VRE Policy Changes (April 2015)
What is Vancomycin-resistant Enterococcus (VRE)?
All people are carriers of many different types of bacteria. Normally bacteria living on our bodies keep us healthy, but on occasion we can be carriers of harmful bacteria. VRE is a germ/bacteria that lives in the gut of a small number of people, and it can be harmful if it causes an infection. Although the risk of infection with VRE is low and VRE is quite resistant to antibiotics, there are now antibiotics available to treat a VRE infection.
How has Bruyère cared for patients with VRE previously?
Up until recently, Bruyère had been testing patients when admitted to the hospital to check if they have VRE in their gut. If a patient was identified as a carrier of the VRE germ, he/she was placed on contact precautions and the healthcare provider always wore gloves and sometimes a yellow gown when providing care for the patient.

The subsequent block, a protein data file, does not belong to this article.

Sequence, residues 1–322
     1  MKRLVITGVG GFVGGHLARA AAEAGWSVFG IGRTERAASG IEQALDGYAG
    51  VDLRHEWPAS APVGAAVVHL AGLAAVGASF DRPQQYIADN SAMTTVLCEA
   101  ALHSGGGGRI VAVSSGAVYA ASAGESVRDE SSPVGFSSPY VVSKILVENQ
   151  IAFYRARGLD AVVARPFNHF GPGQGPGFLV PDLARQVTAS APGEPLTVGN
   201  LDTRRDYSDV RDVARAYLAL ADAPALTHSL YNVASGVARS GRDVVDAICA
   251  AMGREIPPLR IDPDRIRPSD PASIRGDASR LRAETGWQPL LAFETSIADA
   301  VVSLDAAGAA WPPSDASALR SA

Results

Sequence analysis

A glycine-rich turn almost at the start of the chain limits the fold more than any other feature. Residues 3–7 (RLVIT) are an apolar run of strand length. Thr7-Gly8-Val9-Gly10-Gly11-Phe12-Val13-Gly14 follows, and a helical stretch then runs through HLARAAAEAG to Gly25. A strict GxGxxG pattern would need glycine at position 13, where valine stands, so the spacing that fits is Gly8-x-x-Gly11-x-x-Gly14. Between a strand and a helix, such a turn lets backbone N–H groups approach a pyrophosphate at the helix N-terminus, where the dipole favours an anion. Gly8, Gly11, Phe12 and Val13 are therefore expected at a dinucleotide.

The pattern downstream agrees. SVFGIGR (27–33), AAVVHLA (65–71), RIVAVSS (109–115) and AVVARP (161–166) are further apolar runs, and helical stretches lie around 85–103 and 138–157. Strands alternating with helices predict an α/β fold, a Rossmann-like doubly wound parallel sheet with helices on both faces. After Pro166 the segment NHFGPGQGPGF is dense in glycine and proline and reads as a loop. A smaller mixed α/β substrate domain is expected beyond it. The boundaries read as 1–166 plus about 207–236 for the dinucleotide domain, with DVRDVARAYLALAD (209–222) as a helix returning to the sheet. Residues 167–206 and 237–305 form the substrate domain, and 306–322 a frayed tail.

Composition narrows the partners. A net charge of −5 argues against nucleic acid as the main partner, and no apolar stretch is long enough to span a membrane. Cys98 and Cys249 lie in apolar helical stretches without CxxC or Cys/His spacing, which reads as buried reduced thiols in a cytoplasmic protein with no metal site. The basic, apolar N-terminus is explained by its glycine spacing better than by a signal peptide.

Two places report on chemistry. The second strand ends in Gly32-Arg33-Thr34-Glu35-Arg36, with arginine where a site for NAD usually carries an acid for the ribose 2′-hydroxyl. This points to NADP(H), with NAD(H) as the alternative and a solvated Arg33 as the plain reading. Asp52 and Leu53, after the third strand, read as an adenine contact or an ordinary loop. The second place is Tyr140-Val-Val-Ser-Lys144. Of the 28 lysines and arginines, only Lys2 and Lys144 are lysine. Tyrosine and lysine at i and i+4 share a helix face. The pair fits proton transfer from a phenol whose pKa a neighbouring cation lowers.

Why is Bruyère changing how they care for patients with VRE?
Bruyère has been actively controlling VRE for over 15 years and we have not seen any worrisome trends or increases in serious infections caused by this germ. VRE causes very few infections in patients, mostly because VRE is not very good at causing infections when compared to other germs. When VRE was first discovered, there was a fear that it might pass on its antibiotic resistance abilities to other more aggressive bacteria; fortunately, we now know that this almost never happens.
Therefore, along with many other hospitals nationally, provincially and regionally, we will no longer consider VRE to be a “superbug”.
Are we putting patients at risk by stopping surveillance and contact precautions for VRE?
The risk of us stopping VRE control is very small. The benefit to stopping is much greater. We will reinvest our resources into enhancing excellent infection prevention and control standards in the hospital for all patients, which will discourage infections from occurring.
What if we see an increase in VRE in the hospital?
How will we know if we are harming people? We will continue to track VRE infections and treat them quickly and appropriately. If we see a concerning trend of increased infections, we will take swift and appropriate action to prevent further infections.
Adapted from The Ottawa Hospital